This might seem quite trivial for people who are knowledgeable in complex analysis, but it is not so much to me.

I am trying to find an efficient way to solve the following system of equations: $$ \frac{11}{10} = c_1(1+i)^{-2} + \overline{c}_1(1-i)^{-2} \\ \frac{1}{2} = c_1(1+i)^{-3} + \overline{c}_1(1-i)^{-3} $$

The unknowns are obviously $c_1$ and its conjugate $\overline{c}_1$. I have tried multiplying the first equality by $(1+i)^{-1}$, substract it from the second one and so on, but it gets quite messy. I was hoping somebody could tell me a better approach.

Thanks very much

  • 1
    $\begingroup$ Note that $(1+i)^{-2}=-\frac{i}{2}$ and $(1-i)^{-2}=\frac{i}{2}$. Similarly $(1+i)^{-3}=-\frac{1+i}{4}$ and $(1-i)^{-3}=\frac{1-i}{4}$. $\endgroup$ – Servaes Jun 1 '14 at 19:25
  • 1
    $\begingroup$ Hint: $\overline{(1+i)}=1-i$ and $\overline{(ab)}=\overline{a}\cdot\overline{b}.$ $\endgroup$ – M. Strochyk Jun 1 '14 at 19:26
  • $\begingroup$ I know the feeling. Complex numbers are both fascinating and complicated to understand. $\endgroup$ – Robert Soupe Jun 1 '14 at 19:26
  • $\begingroup$ Maybe write $c_1 = x+iy$ and solve for $x,y$? $\endgroup$ – copper.hat Jun 1 '14 at 19:27

Let's write

$$z = \frac{c_1}{(1+i)^2}.$$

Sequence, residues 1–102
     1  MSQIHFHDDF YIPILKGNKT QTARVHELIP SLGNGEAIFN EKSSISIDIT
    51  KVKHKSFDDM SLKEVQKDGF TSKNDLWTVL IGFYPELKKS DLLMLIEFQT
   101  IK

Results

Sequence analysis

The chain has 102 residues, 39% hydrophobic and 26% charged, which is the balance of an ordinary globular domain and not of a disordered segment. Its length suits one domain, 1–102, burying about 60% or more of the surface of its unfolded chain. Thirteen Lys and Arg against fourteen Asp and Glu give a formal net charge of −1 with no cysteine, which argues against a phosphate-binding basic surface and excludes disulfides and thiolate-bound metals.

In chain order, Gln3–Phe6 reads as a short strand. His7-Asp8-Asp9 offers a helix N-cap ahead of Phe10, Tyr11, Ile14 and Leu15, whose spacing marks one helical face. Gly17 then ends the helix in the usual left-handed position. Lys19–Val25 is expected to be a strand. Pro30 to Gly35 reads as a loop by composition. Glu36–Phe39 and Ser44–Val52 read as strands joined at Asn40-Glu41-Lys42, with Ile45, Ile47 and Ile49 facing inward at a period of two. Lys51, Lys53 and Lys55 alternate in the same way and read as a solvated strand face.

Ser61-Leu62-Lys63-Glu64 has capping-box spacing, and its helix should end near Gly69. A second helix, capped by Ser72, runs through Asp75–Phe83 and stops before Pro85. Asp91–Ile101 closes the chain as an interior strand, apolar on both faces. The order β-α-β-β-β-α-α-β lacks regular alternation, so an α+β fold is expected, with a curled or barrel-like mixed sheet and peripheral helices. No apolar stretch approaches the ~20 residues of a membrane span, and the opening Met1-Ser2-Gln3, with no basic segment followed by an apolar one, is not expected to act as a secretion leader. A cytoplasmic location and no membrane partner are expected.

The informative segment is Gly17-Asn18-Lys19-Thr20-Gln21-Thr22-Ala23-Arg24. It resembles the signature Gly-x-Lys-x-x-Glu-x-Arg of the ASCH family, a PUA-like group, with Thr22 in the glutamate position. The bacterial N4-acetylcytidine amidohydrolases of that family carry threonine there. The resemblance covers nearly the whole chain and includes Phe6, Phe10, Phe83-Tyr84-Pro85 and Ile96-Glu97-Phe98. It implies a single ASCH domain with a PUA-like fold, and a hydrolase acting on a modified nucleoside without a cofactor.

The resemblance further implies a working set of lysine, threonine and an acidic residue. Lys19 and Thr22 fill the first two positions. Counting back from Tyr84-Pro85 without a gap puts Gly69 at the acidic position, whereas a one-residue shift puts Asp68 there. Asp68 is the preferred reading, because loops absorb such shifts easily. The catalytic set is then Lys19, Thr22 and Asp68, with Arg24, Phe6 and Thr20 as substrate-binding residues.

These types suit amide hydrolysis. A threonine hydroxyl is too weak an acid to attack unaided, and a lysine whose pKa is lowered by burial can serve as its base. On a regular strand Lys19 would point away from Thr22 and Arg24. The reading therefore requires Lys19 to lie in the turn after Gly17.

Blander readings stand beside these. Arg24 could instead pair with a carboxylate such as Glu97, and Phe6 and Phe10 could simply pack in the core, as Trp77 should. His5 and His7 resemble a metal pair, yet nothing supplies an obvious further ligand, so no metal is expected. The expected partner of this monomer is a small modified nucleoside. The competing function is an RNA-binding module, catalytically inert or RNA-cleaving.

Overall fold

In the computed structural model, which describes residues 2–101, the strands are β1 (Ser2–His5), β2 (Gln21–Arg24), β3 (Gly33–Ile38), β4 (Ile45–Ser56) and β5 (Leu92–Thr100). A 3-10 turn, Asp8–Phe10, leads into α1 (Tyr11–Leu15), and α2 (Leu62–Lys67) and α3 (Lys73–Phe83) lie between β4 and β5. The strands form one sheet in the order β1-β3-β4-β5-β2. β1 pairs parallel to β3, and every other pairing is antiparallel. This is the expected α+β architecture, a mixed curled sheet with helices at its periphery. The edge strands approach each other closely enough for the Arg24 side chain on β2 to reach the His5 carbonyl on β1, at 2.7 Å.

Then we have the equations

$$\frac{11}{10} = z + \overline{z} = 2\operatorname{Re} z$$


$$\frac{1}{2} = \frac{z}{1+i} + \overline{\left(\frac{z}{1+i}\right)} = 2\operatorname{Re} \frac{z}{1+i}.$$

Now note that

$$\frac{z}{1+i} = \frac{z(1-i)}{2}$$

to rewrite the second equation to

$$\frac{1}{2} = \operatorname{Re} \bigl( z(1-i)\bigr) = \operatorname{Re} z + \operatorname{Im} z.$$

From that it is not hard to determine $z$, and thence $c_1 = z(1+i)^2 = 2i z$.


Maybe it's less messy if you set $z=c_1$ and $w=1+i$. Then your equations are $$ \begin{cases} w^{-2}z+\bar{w}^{-2}\bar{z}=a\\ w^{-3}z+\bar{w}^{-3}\bar{z}=b \end{cases} $$ where $a=11/10$ and $b=1/2$. The idea of multiplying the first equation by $\bar{w}^{-1}$ and subtracting is good, because you get $$ w^{-2}(\bar{w}^{-1}-w^{-1})z=a\bar{w}^{-1}-b $$ so $$ z=w^2\frac{a\bar{w}^{-1}-b}{\bar{w}^{-1}-w^{-1}}= w^2\frac{a-b\bar{w}}{\bar{w}}\frac{w\bar{w}}{w-\bar{w}}= w^3\frac{a-b\bar{w}}{w-\bar{w}} $$ This is just computation.


Here is another approach:

Let $c_1 = x+iy$, and substitute into the equations above. After a little tedious manipulation, this gives ${11 \over 10} = y$ and ${1 \over 2} = {y-x \over 2}$.

We can read off the solution as $c_1 = {1 \over 10}+i{11 \over 10}$.


Your Answer

By clicking “Post Your Answer”, you agree to our terms of service, privacy policy and cookie policy

Not the answer you're looking for? Browse other questions tagged or ask your own question.